16. Significant Historic Dates in U.S. Immigration • 1924 Act: Reduced the number of US immigration visas and allocated them on the basis of national origin. • 1940 The Alien Registration Act: Required all aliens (non-U.S. citizens) within the United States to register with the Government and receive an Alien Registration Receipt Card (the predecessor of the "Green Card"). • 1950 Passage of the Internal Security Act: Rendered the Alien Registration Receipt Card even more valuable. Immigrants with legal status had their cards replaced with what generally became known as the "green card" . • 1986 Act: Focused on curtailing illegal US immigration. It legalized hundred of thousands of illegal immigrants. The 1986 Immigration Act is commonly know as the 1986 Immigration Amnesty. It also introduced the employer sanctions program which fines employers for hiring illegal workers. It also passed tough laws to prevent bogus marriage fraud. • USA Patriot Act 2001: Uniting and Strengthening America by providing appropriate tools required to intercept and obstruct terrorism.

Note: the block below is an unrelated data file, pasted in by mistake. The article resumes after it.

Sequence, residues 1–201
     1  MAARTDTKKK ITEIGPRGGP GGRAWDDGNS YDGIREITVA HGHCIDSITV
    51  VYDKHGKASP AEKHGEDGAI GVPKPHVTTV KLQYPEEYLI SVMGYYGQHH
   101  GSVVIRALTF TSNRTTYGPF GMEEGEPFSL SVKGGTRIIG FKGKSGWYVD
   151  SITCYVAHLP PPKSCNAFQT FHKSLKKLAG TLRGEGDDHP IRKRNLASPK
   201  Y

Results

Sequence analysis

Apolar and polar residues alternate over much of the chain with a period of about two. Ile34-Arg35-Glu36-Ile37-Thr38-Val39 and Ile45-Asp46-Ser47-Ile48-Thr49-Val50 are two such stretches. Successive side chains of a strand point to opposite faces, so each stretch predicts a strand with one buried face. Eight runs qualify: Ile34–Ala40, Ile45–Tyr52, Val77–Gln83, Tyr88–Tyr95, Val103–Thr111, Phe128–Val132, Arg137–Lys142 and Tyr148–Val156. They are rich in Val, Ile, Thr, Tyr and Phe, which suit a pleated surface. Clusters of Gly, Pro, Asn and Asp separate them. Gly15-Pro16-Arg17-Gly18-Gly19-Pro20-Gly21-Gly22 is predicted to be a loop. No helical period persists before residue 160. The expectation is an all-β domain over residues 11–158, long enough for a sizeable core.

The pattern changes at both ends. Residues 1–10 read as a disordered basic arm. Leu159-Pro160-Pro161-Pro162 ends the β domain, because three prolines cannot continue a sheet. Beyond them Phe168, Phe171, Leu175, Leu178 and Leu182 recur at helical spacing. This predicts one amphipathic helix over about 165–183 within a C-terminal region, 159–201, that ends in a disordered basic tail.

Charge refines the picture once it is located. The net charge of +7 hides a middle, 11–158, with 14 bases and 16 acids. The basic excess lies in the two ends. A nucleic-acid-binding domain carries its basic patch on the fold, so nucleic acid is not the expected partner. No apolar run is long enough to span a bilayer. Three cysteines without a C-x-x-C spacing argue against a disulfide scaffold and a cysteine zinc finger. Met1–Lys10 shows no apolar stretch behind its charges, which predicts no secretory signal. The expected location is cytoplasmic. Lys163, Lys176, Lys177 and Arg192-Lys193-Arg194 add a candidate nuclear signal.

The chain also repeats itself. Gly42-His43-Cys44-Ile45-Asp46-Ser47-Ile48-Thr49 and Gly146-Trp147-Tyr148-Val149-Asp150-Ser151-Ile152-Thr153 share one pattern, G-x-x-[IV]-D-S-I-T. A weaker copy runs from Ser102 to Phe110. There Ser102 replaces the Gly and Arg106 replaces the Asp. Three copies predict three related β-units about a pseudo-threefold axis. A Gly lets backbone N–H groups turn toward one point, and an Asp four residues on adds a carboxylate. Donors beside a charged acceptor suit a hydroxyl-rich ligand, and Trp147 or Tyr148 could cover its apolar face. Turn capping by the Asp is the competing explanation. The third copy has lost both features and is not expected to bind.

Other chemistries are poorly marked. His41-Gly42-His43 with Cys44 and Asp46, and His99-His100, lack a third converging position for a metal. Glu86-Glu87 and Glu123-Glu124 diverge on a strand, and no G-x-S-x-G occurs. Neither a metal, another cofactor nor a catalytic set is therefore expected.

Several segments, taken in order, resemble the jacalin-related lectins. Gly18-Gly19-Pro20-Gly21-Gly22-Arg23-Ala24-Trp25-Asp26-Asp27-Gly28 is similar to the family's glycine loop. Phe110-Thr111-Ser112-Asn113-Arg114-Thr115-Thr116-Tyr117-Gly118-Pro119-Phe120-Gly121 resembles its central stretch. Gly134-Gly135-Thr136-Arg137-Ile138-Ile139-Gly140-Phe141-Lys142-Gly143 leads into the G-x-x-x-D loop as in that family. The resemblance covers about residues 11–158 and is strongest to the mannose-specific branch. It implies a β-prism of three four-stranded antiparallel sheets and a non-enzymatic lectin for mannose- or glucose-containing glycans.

17. History continued • Most legal immigrants were male but in the 1990’s women accounted for just over half of all legal immigrants, indicating a shift away from male dominated immigration of the past. • Contemporary immigrants tend to be younger then the native population of the US with people between ages of 15 and 34. • Immigrants are also more likely to be married now and less likely to be divorced then native born Americans of the same age.

    18. State Immigration Laws and Resolutions, by Policy ArenaAs of June 30, 2008A total of 190 bills have passed in 39 state legislatures. Of these, 175 were enacted, 12 are pendingGovernors’ approval and three bills were vetoed.